4. Greta Gerwig

Wow, what a year she's having. A lead in a studio flick, and working with Woody Allen and Whit Stillman. And next year she's writing and directing again. 

She stands for so much that I love ---- she put the hours in. She's worked her way up. Her initial projects were about creativity and inspiration, not money. If you go back and look at her early work, the 'mumblecore years', some of it is genius, some of it is shockingly bad. But without learning from the bad stuff, she wouldn't be where she is today. 

She's refreshing on screen. She's unique. She mumbles her way through half her lines but we adore her for it because she's so darn human. A fantastic actress, who is now highly in demand. I am extremely excited to see her career develop. You can see more of my thoughts about Greta here.

5. Patricia Clarkson

I think she's a class act. Films are all about men, but what if they weren't? What if Patricia Clarkson was the lead in the Hollywood blockbusters? Movies would be fascinating! I'd actually get off my ass and go to the cinema more often. (But then admittedly most people who go to see movies now would stay home, but I'd love it!).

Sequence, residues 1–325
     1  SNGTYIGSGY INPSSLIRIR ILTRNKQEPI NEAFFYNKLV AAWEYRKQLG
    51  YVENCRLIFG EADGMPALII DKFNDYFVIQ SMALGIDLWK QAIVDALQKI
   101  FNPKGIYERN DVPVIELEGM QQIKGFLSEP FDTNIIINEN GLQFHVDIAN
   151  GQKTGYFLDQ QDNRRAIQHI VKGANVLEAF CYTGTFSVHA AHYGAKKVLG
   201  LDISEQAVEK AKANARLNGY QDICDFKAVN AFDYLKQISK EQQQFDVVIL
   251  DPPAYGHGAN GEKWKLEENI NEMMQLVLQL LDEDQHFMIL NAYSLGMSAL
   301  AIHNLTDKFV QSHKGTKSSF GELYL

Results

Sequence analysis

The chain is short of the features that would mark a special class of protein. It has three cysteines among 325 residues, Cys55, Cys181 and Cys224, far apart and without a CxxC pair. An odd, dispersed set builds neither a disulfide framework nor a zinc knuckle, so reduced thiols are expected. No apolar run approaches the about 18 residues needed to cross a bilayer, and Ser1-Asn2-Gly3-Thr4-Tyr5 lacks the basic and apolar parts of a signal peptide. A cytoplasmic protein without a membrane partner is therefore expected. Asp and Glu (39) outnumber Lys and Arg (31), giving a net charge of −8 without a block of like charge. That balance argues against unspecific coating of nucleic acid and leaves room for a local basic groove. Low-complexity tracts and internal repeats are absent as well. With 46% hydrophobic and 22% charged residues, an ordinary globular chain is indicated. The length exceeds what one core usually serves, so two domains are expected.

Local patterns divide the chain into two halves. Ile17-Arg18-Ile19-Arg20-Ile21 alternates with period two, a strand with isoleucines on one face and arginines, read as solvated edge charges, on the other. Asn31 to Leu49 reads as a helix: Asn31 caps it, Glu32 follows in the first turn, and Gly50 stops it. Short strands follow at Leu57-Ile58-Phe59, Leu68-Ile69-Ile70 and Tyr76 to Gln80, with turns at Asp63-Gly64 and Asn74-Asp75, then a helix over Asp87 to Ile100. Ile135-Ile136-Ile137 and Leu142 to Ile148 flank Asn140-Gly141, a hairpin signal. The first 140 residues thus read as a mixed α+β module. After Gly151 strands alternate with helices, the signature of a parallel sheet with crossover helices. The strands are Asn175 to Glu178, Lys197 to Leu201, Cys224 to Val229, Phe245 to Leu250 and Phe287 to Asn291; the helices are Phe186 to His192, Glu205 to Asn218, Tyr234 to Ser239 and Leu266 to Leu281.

She was unforgettable in 'The Green Mile'. But I think she's at her best in comedy. She was hilarious in 'The Station Agent', and she's always wonderful when she works with Woody Allen (Vicky Cristina Barcelona, Whatever Works).

The point I made about films being for men --- I guess what I mean is; years from now when Patricia Clarkson and Helen Hunt are dead, we'll look back at their careers and, while they have been wonderful and memorable, they've not been as great as they could have been, because films aren't about women. Certainly not at the ages they're at now. It's a deep shame, and we're the poorer for it.